By contrast 72 percent of Americans give positive ratings to the governors of their states for the way they have dealt with the crisis, with workers also rating their employers positively.
As state governments continued to struggle with the balance between the economic needs of their constituents and the necessity to stop the spread of the virus, The Post poll indicated that most Americans expect no immediate easing of the health risks associated with the pandemic.
But a number of governors have responded to Trump’s call for a gradual opening of the country to begin sooner rather than later.
In Georgia, some mayors pushed back against Republican Gov. Brian Kemp’s decision to reopen parts of the state, voicing concerns that the move could endanger residents and overwhelm hospitals.
“I understand that the governor had a difficult decision to make,” Albany Mayor Bo Dorough said Tuesday on CNN. “I do, however, think he made the wrong decision.” Nearly 100 of more than 760 people who have died in Georgia have been in Dougherty County, where Albany is the county seat.
Kemp announced Monday that gyms, barbershops, tattoo parlors and bowling alleys, among other businesses, would be allowed to reopen Friday, as long as some safety measures were maintained, and that theaters and dine-in restaurants can resume operations April 27.
A majority of businesses are expected to reopen in Tennessee and Ohio on May 1, although Ohio Gov. Mike DeWine (R), speaking on NBC on Sunday, said it would be done “very, very carefully so we don’t get a lot of people killed.”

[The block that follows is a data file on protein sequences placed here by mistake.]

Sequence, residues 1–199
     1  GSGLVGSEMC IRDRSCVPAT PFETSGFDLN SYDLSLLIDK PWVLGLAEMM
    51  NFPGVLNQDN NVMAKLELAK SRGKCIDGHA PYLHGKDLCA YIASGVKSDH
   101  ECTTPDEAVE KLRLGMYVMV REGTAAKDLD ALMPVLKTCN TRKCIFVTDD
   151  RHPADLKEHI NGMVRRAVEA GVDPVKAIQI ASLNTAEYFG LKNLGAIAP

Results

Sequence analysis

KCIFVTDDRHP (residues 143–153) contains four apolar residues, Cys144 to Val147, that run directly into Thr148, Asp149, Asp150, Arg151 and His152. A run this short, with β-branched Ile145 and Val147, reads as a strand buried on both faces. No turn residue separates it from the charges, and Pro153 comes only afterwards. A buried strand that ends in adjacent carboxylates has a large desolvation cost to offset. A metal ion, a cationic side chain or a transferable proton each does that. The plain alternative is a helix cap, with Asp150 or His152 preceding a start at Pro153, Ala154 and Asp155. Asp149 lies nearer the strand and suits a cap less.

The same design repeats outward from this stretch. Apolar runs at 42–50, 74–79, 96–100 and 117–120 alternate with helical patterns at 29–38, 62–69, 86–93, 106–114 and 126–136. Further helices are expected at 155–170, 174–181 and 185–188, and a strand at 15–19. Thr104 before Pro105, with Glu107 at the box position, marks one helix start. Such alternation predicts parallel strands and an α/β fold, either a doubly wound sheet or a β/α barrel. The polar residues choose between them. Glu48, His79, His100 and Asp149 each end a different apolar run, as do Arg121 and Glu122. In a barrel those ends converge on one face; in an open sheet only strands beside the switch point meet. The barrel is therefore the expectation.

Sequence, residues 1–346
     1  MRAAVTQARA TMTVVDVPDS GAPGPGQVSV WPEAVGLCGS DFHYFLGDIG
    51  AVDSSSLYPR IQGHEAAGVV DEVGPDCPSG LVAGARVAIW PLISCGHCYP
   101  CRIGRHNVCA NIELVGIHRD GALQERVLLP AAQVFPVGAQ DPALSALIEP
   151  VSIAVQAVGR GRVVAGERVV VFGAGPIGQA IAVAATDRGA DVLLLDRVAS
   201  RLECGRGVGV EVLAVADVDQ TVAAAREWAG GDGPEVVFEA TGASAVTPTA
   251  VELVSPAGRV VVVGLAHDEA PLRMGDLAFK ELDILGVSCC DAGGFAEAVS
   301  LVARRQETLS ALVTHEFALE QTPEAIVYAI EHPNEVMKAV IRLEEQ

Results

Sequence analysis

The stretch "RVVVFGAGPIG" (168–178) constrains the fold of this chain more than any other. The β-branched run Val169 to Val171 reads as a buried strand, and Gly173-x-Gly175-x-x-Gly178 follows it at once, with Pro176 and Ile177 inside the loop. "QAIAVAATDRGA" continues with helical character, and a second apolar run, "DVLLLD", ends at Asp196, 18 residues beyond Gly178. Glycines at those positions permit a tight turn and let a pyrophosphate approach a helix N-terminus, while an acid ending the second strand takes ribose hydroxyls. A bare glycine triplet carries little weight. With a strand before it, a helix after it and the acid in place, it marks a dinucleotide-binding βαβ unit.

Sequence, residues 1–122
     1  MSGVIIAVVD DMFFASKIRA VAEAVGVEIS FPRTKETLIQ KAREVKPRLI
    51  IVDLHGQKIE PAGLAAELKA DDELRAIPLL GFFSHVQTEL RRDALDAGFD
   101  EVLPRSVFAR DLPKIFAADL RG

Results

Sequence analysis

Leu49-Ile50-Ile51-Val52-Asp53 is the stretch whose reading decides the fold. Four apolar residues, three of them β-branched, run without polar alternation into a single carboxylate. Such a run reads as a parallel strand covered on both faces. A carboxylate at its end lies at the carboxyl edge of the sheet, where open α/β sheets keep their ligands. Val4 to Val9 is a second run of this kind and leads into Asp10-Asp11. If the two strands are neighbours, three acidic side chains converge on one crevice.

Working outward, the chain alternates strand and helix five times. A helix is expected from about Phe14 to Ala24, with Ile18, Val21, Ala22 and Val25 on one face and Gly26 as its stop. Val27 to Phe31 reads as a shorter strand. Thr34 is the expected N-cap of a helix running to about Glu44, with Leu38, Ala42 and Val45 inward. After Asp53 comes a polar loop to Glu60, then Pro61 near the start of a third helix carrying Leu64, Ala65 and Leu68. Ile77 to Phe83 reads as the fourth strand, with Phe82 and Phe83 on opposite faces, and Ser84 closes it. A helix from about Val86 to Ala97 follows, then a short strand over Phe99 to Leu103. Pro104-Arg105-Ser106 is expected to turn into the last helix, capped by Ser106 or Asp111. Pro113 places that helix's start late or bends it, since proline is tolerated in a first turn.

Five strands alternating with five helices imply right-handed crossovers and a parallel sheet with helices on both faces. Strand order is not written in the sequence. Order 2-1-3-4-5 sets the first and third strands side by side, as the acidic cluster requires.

California Gov. Gavin Newsom (D) said in a CBS interview broadcast Tuesday that he empathizes with “the need and desire for all of us to get back to work and some semblance of normalcy,” but he cautioned that he doesn’t see the “normalcy that many of us wish for happening any time soon.”
Michigan Gov. Gretchen Whitmer (D), who has been criticized by Trump for what he has described as irrational and excessive restrictions, wrote in a New York Times op-ed that she and other governors had made “gut-wrenching decisions in the face of a threat unlike any we’ve seen before,” including closing schools “and to direct small business owners who have spent a lifetime building their businesses to close their doors.”
“I never imagined having to use the levers of my office this way to protect the people I serve,” she said, noting that she had partnered with DeWine and other regional governors to reopen the economy. Other partnerships have been formed by governors on the East and West coasts.
Cuomo said he planned, in a meeting with Trump later Tuesday, to discuss how to improve federal-state coordination on making virus testing available. Citing delays in the supply chain for testing materials such as swabs and reagents, the New York governor said that untangling supply issues was a job for the federal government.
Trump, who has said testing is a state responsibility, disputed that there were any problems and charged “some governors and the media” with a “complete failure to understand the scope of the testing abilities we’ve brought on line.”
“It’s going to be up to the states to use that capability,” he said. “Everything is perfect.”
John Wagner, Thomas Heath and Lateshia Beachum contributed to this report.